By my standards, a recipe is good if I make it more than once. So what does it mean when I make a recipe four times in a span of ten days?
Pure deliciousness. That's what it means.
The geniuses at Cheap Healthy Good got me hooked on this particular puttanesca sauce, which I then modified based on my own refrigerator supply. As with any homemade tomato sauce, it should be suitable to your own taste and kitchen inventory, so the following recipe is only a relaxed guideline.
Puttanesca, by the way, means something like "in the style of a whore." Well, this whore done me right. It's spicy, complex, and good with just about anything. Ergo, I give you not only the puttanesca recipe, but a week of delicious sauciness rationed into two impressive and long-lasting dishes. Of course, you could always spread the love: invite a bunch of friends for dinner and serve it over any pasta. I promise there will be no sloppy seconds left over.
Recipe: Puttanesca Sauce You Might Sell Your Dignity For
Serves 6 when used as a pasta sauce
2 T olive oil
1 small or half of a large onion, diced
5 cloves of garlic, minced
1 28-oz can diced tomatoes
1 T Worcestershire sauce or 1.5 t chopped anchovies
1/4 C chopped olives
1.5 T capers, with a bit of brine
1.5 t crushed red pepper flakes, or 1/2 t ground cayenne pepper
1/2 t dried oregano
1/2 t dried basil (may also use one teaspoon of either basil or oregano, if you don't already have both of the herbs)
In a saucepan over medium heat, heat the olive oil. Add the onions and saute till translucent. Add the garlic and saute for another minute or two. Add all of the remaining ingredients. Reduce heat to medium-low and simmer for 30 minutes.
Recipe: Wanton Baked Ziti
If you, too, live in a household of two people or fewer, I recommend making two small pans, baking one of them and freezing the other. One 13" x 9" pan serves 8, heartily.
1 lb dried ziti or penne rigate
3 cups puttanesca sauce, see recipe above
1/2 c grated Parmesan, divided
1 C ricotta or cottage cheese
1 C shredded mozzarella, divided
Bring a large pot of water to a boil, and cook the pasta till al dente - tender but slightly firm. Drain and return to pot, off burner. Heat oven to 400 degrees. Stir in the puttanesca sauce, about half of the Parmesan, all of the ricotta or cottage cheese, and half the mozzarella. Add salt and pepper to taste. Transfer to a greased 13" x 9" baking dish, or divide into two smaller dishes (I've used pie pans, loaf pans -- anything, except maybe a cookie sheet, works as long as you keep an eye on it while it's baking). Sprinkle with the remaining mozzarella and Parmesan. Bake about 30 minutes or until golden and bubbling.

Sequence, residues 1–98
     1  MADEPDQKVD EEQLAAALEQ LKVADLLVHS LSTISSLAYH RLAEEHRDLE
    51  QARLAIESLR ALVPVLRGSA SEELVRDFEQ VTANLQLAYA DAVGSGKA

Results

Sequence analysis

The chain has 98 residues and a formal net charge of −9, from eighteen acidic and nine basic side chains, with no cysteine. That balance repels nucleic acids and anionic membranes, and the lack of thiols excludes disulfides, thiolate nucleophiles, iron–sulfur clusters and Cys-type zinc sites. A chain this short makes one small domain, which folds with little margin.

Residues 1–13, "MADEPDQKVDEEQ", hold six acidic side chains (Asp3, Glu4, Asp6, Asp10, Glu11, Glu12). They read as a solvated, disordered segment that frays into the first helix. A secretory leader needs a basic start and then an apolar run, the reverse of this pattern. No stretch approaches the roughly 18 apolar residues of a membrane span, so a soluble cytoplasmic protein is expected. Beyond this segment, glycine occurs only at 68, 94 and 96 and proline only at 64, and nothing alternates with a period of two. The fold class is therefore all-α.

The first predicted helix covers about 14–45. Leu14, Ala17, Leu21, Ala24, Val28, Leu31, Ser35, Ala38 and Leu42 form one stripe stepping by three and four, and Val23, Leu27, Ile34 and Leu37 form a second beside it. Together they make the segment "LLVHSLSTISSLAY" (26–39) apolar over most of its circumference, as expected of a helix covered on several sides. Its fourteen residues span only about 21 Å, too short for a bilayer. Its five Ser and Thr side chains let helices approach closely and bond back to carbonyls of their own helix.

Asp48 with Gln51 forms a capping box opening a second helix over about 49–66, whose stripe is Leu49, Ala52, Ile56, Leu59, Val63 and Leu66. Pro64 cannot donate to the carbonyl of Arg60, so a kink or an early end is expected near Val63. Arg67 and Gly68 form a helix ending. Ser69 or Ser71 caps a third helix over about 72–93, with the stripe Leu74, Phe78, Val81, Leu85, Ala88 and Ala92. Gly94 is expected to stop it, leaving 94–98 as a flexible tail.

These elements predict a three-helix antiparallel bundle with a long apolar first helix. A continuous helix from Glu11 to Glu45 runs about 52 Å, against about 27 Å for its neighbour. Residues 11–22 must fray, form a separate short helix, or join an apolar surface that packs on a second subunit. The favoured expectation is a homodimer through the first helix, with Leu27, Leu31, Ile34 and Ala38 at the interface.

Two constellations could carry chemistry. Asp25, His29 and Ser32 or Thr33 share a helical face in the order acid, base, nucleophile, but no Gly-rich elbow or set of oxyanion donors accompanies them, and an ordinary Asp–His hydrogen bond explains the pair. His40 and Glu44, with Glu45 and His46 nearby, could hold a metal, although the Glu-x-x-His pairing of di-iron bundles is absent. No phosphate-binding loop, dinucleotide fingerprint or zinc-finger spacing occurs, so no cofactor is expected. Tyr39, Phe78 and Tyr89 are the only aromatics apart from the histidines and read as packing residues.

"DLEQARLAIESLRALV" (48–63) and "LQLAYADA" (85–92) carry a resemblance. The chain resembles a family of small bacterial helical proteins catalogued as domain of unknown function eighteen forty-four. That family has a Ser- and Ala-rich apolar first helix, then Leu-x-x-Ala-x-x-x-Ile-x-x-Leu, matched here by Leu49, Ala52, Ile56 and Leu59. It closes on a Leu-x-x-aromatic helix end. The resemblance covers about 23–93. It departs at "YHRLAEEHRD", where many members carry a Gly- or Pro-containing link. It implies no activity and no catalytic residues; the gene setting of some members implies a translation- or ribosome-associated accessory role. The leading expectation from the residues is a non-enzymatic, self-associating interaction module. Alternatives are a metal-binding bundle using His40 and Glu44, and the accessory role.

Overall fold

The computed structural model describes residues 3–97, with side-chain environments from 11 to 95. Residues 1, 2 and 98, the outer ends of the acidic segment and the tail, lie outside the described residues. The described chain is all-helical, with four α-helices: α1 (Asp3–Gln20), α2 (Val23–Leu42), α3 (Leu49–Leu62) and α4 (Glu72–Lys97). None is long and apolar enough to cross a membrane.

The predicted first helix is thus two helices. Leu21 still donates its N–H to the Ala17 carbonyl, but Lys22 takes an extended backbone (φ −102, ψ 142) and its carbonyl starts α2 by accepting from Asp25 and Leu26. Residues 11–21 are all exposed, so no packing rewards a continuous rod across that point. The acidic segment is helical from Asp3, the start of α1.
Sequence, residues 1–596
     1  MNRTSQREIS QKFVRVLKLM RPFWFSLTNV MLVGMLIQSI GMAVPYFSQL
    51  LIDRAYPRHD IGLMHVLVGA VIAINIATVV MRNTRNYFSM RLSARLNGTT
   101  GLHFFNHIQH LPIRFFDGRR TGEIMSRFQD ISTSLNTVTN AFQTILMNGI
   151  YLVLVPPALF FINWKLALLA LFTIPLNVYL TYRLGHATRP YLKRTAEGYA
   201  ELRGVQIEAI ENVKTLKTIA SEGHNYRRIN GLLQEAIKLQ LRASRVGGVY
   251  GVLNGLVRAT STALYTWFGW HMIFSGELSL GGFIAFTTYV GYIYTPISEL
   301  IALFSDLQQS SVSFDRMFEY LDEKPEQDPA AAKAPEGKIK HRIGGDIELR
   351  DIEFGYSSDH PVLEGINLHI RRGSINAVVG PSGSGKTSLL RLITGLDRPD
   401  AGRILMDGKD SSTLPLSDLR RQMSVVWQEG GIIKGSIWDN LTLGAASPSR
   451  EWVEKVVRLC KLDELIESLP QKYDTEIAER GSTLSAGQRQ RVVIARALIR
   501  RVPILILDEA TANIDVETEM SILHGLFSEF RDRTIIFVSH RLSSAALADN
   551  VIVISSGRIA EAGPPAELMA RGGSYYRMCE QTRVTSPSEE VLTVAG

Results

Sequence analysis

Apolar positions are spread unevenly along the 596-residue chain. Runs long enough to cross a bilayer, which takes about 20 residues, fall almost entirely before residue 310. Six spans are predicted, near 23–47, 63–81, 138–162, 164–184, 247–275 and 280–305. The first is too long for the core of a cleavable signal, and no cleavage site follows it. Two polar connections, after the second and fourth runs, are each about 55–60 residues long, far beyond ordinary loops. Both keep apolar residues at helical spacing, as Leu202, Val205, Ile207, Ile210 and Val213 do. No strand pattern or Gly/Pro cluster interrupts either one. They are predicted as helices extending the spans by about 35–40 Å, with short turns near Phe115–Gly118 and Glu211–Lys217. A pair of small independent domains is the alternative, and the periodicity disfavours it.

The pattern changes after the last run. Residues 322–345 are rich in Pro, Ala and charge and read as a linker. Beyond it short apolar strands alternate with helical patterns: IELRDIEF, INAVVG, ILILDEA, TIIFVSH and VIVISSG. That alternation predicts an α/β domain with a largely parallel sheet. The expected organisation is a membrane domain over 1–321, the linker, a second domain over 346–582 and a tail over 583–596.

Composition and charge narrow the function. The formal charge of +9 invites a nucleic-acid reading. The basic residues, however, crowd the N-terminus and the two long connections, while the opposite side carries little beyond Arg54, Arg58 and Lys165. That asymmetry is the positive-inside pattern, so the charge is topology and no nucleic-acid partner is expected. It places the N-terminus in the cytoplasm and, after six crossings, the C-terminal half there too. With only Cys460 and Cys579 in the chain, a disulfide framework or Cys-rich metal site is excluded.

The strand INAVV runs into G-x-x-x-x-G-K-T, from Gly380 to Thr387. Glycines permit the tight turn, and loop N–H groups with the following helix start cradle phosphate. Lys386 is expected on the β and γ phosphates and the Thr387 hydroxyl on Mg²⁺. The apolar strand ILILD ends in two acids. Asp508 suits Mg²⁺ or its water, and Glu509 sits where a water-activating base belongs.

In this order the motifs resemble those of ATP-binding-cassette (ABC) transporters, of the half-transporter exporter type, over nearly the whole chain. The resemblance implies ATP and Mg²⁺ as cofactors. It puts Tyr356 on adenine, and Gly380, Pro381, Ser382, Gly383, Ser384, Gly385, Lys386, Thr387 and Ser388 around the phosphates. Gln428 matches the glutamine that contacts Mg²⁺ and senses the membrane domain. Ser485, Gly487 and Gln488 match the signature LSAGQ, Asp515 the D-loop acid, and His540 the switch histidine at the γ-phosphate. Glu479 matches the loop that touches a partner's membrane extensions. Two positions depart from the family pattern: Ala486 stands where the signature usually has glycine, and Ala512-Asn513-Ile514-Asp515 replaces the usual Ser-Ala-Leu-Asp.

Then, use the remaining sauce to dip homemade calzones!
Recipe: Lascivious Spinach Calzones
Makes 3 calzones.
Trader Joe's sells pizza dough for 99 cents a pound. I would steer you toward a recipe for homemade, but it's not like Anthony Bourdain is critiquing this blog.
1.5 T olive oil
1 small onion, minced (optional)
1/2 lb fresh spinach (about two very large handfuls)
1 lb pizza dough (I used whole wheat, which turned out well)
1 C shredded mozzarella
1 beaten egg (optional)
remaining puttanesca sauce for dipping
Heat oven to 400 degrees. Heat oil in a small saucepan over medium-low heat. Add onion and saute till translucent. Add spinach and saute till wilted, stirring, just a few minutes. Remove from heat. Divide pizza dough into three fairly even sections. On floured surface, roll each section into a circle as flat as can be without causing holes. Spread a third of the spinach and onion mixture over half of each of the circles. Sprinkle each half with a third of the mozzarella, and salt and pepper to your taste. Fold over the dough in the other half of each circle, and squeeze together so that none of the filling escapes. You may want to water your hands to do this. Brush each calzone with egg if you desire. Bake for 15-20 minutes, or until puffed up and just starting to brown. Reheat the puttanesca sauce and use it to dip the calzones.